Full Appeals Court Mulls Unprecedented Emoluments Case Against Trump

WASHINGTON, DC - JUNE 11:  The Trump International Hotel located at 1100 Pennsylvania Ave, NW. The building that was the Old Post office and Clock Tower was completed in 1899 and is listed on the National Register of Historic Places.  (Photo by Jonathan Newton / The Washington Post)
WASHINGTON, DC - JUNE 11: The Trump International Hotel located at 1100 Pennsylvania Ave, NW. The building that was the Old Post office and Clock Tower was completed in 1899 and is listed on the National Register of... WASHINGTON, DC - JUNE 11: The Trump International Hotel located at 1100 Pennsylvania Ave, NW. The building that was the Old Post office and Clock Tower was completed in 1899 and is listed on the National Register of Historic Places. (Photo by Jonathan Newton / The Washington Post via Getty Images) MORE LESS
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December 12, 2019 12:29 p.m.

A Richmond federal appeals court was united on Thursday on one question: the emoluments issues raised by President Trump’s ownership of hotels while in office are virtually without precedent.

The questions of exactly how and why a case brought was unprecedented, however, left judges split along partisan and ideological lines.

“It’s not just this President we’re talking about, but about every future president, and what we do today is gonna apply across the board,” noted Judge James A. Wynn Jr.

Judge J. Harvie Wilkinson III indicated throughout oral arguments in the case, which was brought by two state-level attorneys general over an alleged constitutional violation, that he would favor throwing the case out immediately. At one point, he called it a “lemon.”

“There is no evidence that the President has directly harmed anyone — we’re up here making it up, we’re winging it, there’s no history that authorizes it, no precedent that authorizes it,” Wilkinson said.

The Fourth Circuit Court of Appeals made the rare decision in October to rehear arguments in the case in full session, giving attorneys general for Maryland and D.C. the opportunity to reargue their case against President Trump after a three-judge panel dismissed the case without ruling on the merits in July.

Judges at the Thursday hearing went over time on questioning attorneys for both sides, with Justice Department lawyer Hashim Mooppan representing the President and D.C. Solicitor General Loren AliKhan arguing for the plaintiffs.

Khan described the case as being “on firm footing,” adding that “other courts have not hesitated to restrain unconstitutional action by federal officers.”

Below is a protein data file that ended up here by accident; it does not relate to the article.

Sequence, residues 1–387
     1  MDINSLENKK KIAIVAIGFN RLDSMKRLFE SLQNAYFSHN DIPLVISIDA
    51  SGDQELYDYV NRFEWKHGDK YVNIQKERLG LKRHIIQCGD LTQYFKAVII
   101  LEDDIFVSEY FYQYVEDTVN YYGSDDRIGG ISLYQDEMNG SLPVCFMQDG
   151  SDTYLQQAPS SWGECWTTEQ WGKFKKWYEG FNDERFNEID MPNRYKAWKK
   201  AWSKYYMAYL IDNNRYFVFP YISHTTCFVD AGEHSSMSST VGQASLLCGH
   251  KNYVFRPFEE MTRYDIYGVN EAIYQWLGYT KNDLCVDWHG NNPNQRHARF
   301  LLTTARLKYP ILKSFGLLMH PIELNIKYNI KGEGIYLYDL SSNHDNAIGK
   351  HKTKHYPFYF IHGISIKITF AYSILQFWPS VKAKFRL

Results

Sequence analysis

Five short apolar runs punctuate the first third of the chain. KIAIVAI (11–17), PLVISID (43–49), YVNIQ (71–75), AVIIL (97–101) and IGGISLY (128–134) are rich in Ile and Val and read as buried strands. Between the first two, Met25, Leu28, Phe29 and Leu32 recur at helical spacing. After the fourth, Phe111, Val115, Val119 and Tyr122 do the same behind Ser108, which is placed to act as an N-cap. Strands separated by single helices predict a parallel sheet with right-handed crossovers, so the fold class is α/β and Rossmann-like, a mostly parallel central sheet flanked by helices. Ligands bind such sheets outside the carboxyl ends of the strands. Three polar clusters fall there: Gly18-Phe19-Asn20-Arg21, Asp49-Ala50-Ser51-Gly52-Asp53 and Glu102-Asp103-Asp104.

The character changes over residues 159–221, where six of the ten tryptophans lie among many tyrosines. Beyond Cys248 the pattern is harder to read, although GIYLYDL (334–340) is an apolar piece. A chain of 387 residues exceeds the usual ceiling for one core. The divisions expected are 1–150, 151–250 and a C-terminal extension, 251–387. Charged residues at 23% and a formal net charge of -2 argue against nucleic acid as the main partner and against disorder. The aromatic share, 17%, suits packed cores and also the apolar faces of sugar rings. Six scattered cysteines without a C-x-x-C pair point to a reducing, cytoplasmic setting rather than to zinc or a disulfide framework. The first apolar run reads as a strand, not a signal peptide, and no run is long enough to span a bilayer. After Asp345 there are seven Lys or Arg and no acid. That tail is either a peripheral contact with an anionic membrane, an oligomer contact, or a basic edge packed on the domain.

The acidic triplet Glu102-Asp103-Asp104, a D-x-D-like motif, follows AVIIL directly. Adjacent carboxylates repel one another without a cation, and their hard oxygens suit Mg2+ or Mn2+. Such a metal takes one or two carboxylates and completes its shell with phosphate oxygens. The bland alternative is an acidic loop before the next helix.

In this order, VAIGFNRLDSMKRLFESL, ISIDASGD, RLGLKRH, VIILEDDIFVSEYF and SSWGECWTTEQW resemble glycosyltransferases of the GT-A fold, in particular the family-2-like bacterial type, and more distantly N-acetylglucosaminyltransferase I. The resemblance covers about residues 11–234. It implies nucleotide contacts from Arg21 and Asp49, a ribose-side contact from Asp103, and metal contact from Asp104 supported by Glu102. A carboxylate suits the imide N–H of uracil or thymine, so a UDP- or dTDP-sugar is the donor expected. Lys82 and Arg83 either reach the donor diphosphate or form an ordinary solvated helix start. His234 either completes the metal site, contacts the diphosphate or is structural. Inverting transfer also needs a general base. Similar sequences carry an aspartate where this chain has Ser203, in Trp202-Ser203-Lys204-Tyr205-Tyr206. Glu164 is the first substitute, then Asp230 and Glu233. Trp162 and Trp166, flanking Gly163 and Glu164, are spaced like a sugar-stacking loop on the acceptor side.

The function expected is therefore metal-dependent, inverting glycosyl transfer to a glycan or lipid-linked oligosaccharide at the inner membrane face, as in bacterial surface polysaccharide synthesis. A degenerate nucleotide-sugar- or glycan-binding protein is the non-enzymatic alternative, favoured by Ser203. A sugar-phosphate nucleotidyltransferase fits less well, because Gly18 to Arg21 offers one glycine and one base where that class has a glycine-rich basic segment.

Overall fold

Khan argued that Trump, by owning his hotels and receiving emoluments from foreign officials, creates an unfair competitive advantage versus similar options in D.C. and Maryland.

“We can offer the same amenities, but we cannot offer the ability to ingratiate the President,” she said, asking the court to order Trump to cease taking payments from foreign officials.

The matter at issue was less broad than the constitutional and historical questions that the judges often discussed at the Thursday arguments, however. Rather, the full court is set to decide whether the district court in the case abused its authority by denying Trump the right to a writ of mandamus — a legal maneuver that effectively allows an appeals court to intercede in the proceedings.

Mooppan, the Justice Department attorney, argued that “without an express authorization by Congress, [the President] cannot be sued in his official nature.”

When a judge pointed out that Trump said in October that he is the victim of the “phony emoluments clause,” the DOJ attorney replied that Trump was calling “the claims phony,” and not the constitutional provision itself.

No one is disputing that the emoluments clauses exist,” Mooppan added. “And that they are important.”

At one point, Judge Wynn asked Mooppan “what official duties by the President would be impaired” by the relief sought in the case — forcing Trump to divest from his businesses or preventing him from receiving further profits from them.

Moopan replied that Trump would then be “penalized for office” by the requested relief. The DOJ lawyer likened it to someone telling “you that you can no longer be a federal judge until you give up all your money.”

That’s not the relief that’s requested,” the judge replied, asking Mooppan again what official duties would be impaired by an injunctive relief that forced Trump to stop accepting payments. 

“I can’t give you a better answer than what I’ve given you,” Mooppan replied.

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